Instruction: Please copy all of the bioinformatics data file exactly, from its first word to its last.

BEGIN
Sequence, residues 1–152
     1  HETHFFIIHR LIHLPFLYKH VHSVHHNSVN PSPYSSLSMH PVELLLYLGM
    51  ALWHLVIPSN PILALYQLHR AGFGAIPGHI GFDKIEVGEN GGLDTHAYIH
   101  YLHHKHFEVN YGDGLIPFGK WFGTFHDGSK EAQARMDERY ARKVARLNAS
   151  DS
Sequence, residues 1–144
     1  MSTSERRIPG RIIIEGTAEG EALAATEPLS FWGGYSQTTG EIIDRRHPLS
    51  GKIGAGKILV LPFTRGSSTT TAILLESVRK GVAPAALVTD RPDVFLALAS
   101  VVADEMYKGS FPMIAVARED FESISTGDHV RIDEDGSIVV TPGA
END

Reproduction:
Sequence, residues 1–152
     1  HETHFFIIHR LIHLPFLYKH VHSVHHNSVN PSPYSSLSMH PVELLLYLGM
    51  ALWHLVIPSN PILALYQLHR AGFGAIPGHI GFDKIEVGEN GGLDTHAYIH
   101  YLHHKHFEVN YGDGLIPFGK WFGTFHDGSK EAQARMDERY ARKVARLNAS
   151  DS
Sequence, residues 1–144
     1  MSTSERRIPG RIIIEGTAEG EALAATEPLS FWGGYSQTTG EIIDRRHPLS
    51  GKIGAGKILV LPFTRGSSTT TAILLESVRK GVAPAALVTD RPDVFLALAS
   101  VVADEMYKGS FPMIAVARED FESISTGDHV RIDEDGSIVV TPGA